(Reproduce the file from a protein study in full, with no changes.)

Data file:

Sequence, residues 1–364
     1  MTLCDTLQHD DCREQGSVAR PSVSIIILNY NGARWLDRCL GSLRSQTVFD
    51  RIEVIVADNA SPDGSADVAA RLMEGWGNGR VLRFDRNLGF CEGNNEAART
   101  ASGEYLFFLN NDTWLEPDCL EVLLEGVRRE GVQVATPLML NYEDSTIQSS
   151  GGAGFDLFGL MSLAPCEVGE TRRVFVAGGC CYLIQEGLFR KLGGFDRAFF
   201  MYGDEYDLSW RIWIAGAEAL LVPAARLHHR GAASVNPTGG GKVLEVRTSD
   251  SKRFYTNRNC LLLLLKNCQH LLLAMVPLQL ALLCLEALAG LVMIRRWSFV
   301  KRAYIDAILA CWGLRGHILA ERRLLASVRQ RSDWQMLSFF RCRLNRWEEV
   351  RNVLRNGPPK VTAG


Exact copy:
Sequence, residues 1–364
     1  MTLCDTLQHD DCREQGSVAR PSVSIIILNY NGARWLDRCL GSLRSQTVFD
    51  RIEVIVADNA SPDGSADVAA RLMEGWGNGR VLRFDRNLGF CEGNNEAART
   101  ASGEYLFFLN NDTWLEPDCL EVLLEGVRRE GVQVATPLML NYEDSTIQSS
   151  GGAGFDLFGL MSLAPCEVGE TRRVFVAGGC CYLIQEGLFR KLGGFDRAFF
   201  MYGDEYDLSW RIWIAGAEAL LVPAARLHHR GAASVNPTGG GKVLEVRTSD
   251  SKRFYTNRNC LLLLLKNCQH LLLAMVPLQL ALLCLEALAG LVMIRRWSFV
   301  KRAYIDAILA CWGLRGHILA ERRLLASVRQ RSDWQMLSFF RCRLNRWEEV
   351  RNVLRNGPPK VTAG